Could the field be ice?

I just was thinking about this years game and did a double check with the FIRST page Regional event stats showing that there will be at least 6 Official FIRST fields this year. I came up with the 6 fields by checking to see how many regionals are max per weekend and saw that during weeks 3, 4 and 5; 6 fields wil be needed for regionals. Thus i am thinking that with the rumor of “Dry Ice”, a plastic material that does not damage from skate blads, yet replicates ice’s pysical properties with out needing the 32 degree F temperature, will not be used for a full field, or even half a field. I think if it is used it will be a small spot, like the HDPE was used in this past years game. I think that if a replica plastic ice is used for much of the field it would be HDPE, Nylon or Teflon due to its much lower costs then the “Dry Ice”. But due to the HIGH DAMAGE that these materials would recieve from robots over 3 days, I DOUBT that there will be any “replica” ice over the field this year!
~Mike

P.S.~ What are all your thoughts

I dont understand, what point are you trying to make? :confused:

I am sorry, i forgot to make my main point. That with at least 6 fields, and prob a few extras for if one gets damaged largely, that they prob wont be using a large amount of a very expensive material…

I wouldn’t bet as much money on fake ice as I would on large goals that are higher than normal (they wont move either).

Normal = since 2000 the goals have been about the height of the robots. I’de expect goals this year that make you reach up high.

Okay but what is normal?

According to Clark…

FIRST is too prepared for the game to make goals higher than a person can empty. Remember, the people setting up the field are volunteers & they can’t risk somebody getting hurt by climbing a ladder to empty the goal. I’m not saying the goals won’t be high but they have to be easy to fill & easy to empty. I like the Dry Ice idea, I think we’ll see something in the future with this surface. Slippery steps or a steep carpeted incline may be part of this game.

Height doesnt matter… the goals in 2001 were ~7’ if my memory serves me correctly, and they could just be tipped on their sides and emptied. I think the real key is if theyre high, they cant be really heavy.

Cory

Tipped they were. Also shattered some were when tipped (by robots off the bridge, not that we ever did that…)

Real ice will not be used. The entire field will not be HDPE, FIRST got a lot of ‘field is expensive’ feedback at the forums, and is aware of teams having difficulty rasing the money to just compete.

I do see surfaces other then carpet though what they will be, my forsight is not perfect.

Wetzel

Any luge fans out there?

Bing! Lightbulb. They could use really thin lexan that’s attatched (like by glue) to something underneath (like plywood). You don’t need it to be very thick this way. The lexan would be plenty durable and it wouldn’t cost much since it is so thin. It could be like the same thickness lexan as what’s used in RC Car bodies. What about that?

EDIT: Awww, heck. Even some thin sheet aluminum would still be slippery. And it could be fitted in the same manner as the lexan described above. Battlebots arenas have a metal floor don’t they?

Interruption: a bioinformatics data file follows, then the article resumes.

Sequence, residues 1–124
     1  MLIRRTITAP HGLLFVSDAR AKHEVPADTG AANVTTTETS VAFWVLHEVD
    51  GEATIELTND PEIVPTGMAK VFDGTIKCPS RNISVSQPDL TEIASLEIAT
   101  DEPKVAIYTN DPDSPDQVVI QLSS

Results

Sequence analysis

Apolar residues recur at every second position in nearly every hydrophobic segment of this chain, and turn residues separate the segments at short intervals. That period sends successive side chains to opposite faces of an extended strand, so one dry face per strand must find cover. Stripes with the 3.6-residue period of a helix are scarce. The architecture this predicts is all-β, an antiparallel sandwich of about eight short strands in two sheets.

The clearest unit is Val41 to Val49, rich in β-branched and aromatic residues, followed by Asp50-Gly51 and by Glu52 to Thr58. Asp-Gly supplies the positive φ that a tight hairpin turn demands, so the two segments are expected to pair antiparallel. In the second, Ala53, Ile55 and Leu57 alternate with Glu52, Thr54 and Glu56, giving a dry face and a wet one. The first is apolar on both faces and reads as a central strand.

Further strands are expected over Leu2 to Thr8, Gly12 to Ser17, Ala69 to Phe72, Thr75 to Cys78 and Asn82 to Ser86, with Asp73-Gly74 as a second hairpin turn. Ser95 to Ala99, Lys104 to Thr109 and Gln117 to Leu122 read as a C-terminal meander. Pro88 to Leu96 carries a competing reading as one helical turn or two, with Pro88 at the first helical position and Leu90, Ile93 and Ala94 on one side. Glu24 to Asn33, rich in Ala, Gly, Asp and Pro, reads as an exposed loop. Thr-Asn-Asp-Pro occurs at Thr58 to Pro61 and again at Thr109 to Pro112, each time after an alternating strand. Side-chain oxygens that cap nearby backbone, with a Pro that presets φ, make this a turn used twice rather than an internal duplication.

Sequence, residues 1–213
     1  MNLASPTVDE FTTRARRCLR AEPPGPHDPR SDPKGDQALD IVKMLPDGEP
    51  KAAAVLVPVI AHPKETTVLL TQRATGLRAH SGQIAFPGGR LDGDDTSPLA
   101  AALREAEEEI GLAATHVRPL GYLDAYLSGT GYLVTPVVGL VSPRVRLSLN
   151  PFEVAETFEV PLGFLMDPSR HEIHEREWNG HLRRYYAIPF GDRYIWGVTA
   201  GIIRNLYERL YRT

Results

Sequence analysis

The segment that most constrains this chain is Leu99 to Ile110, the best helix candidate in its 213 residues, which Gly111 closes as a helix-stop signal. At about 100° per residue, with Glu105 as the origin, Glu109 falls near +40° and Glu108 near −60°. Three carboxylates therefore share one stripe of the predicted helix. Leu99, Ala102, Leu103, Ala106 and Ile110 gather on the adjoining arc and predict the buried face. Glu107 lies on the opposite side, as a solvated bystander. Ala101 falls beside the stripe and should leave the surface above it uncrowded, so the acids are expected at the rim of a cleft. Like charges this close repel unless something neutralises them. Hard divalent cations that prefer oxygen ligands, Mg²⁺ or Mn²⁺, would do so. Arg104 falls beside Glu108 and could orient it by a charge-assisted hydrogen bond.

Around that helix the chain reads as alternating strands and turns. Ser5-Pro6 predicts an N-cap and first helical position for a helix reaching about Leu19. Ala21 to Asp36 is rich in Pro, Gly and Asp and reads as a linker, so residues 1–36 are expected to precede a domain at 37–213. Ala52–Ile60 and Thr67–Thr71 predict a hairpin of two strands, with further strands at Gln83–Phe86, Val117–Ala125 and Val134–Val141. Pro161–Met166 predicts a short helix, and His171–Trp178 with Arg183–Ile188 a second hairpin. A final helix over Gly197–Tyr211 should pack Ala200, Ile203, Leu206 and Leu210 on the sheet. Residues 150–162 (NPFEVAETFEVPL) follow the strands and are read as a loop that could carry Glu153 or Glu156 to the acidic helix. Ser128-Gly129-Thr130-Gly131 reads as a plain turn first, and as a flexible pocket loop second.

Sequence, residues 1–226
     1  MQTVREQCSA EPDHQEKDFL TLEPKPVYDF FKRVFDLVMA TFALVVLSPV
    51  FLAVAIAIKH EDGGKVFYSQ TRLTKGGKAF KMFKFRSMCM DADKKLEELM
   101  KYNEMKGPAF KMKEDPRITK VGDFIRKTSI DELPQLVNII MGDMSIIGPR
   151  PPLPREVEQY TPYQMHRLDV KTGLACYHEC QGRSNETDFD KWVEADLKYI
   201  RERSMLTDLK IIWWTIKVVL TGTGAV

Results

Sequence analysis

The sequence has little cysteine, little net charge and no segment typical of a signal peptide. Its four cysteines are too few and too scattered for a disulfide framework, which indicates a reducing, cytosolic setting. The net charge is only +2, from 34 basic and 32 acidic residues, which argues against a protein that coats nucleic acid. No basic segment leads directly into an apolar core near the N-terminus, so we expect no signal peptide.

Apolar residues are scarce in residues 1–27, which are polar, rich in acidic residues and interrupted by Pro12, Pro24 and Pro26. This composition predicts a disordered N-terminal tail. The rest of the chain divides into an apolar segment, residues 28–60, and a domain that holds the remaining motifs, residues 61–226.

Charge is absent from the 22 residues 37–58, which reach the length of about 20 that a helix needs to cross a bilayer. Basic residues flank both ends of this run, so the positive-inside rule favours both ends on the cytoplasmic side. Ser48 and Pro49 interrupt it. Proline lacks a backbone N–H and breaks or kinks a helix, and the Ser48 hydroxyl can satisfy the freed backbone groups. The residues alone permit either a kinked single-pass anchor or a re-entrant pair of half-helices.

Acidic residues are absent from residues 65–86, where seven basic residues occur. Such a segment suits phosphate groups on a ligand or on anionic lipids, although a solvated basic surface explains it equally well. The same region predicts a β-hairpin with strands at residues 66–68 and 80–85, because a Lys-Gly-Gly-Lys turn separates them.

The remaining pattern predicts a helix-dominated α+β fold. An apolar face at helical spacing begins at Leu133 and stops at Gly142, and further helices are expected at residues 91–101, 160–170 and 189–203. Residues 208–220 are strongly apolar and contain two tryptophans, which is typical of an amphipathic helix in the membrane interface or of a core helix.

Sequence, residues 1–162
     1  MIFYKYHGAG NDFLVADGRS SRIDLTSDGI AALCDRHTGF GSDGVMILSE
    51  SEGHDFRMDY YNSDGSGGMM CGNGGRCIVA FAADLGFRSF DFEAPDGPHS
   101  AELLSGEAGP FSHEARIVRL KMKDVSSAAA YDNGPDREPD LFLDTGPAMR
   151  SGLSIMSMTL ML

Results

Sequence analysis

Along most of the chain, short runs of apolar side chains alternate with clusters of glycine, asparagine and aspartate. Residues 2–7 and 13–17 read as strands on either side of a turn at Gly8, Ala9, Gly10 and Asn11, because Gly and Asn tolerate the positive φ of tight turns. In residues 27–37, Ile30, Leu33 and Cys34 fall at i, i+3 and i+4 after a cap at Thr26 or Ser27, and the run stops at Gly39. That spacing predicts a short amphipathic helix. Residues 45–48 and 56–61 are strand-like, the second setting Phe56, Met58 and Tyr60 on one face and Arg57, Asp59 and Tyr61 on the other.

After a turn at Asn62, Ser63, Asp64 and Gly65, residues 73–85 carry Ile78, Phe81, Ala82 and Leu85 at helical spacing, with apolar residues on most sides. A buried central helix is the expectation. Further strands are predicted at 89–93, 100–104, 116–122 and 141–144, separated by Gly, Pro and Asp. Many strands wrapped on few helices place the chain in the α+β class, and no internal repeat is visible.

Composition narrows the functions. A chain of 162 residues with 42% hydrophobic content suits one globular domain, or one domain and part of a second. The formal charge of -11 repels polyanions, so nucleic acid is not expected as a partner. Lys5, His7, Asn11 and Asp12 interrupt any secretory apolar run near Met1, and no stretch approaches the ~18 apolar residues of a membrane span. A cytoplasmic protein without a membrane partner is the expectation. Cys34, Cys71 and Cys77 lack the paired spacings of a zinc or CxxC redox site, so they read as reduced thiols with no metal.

the cost of polycarbonate is not fully dependant on the size and thickness. Due to the polymerization process in which it is formed, that is one of the price dependents. Thus even if its say for the argument 1/16" lexan, that is still pretty expensive per 4’x8’ sheet and does not bond well to many items.
~Mike

Aluminum and lexan are really not that slippery. There were teams with plenty of traction on the HDPE, I dont think finding traction on polycarb or aluminum would be very tough.

Cory

Rather than editing the post I made I’ll just add on. The goals I were thinking of would most likely resemble those of the 1997/1998 years. They were tall, but made from tubes and the objects that were placed on them would merely be taken off rather than dumbed out of a “bucket type” goal.

I think the question is more accurately about how many different types of surfaces will the robots need to run on.

A type of tread or method of traction is relatively easy to find for a single surface. The problem is finding a solution(s) for a range of surfaces. Last years game is a perfect example of this. Things that worked for the carpet were not always very good for the HDPE, much less the copper mesh.

Just some thoughts

Bill

677 Team Lead

Back to the abnormally sized scoring containers for a second… even if they were really tall, and not able to be knocked over easily, there could always be a door at the bottom secured in such a way that it would be very difficult for a robot to open and gain acess to. Just as long as it was quick and easy for the field people to reset the field. I don’t remember the year, but there was a game with a huge centralized goal with ladders going up to it. It couldn’t be tipped over, but the balls could be squeezed through the bars on the side.

Wasn’t there some feedback that it was too easy to take points away from the other alliance rather than score points for yourself from the last game? Maybe they will use huge goals that don’t move arround to encourage teams to focus more on scoring rather than preventing the opposing alliance to score.

If they seriously made the entire field ice, or even extremely slippery then I could just imagine the lawsuits when some kid with a jumpy lawyer for a parent slips when getting the robot off the field and takes some nice bot to the face. for liability reasons I think ice fields will probably never happen. however maybe there could be some type of slippery area on the field like last year, maybe even coating the ramp just to make it hard to climb.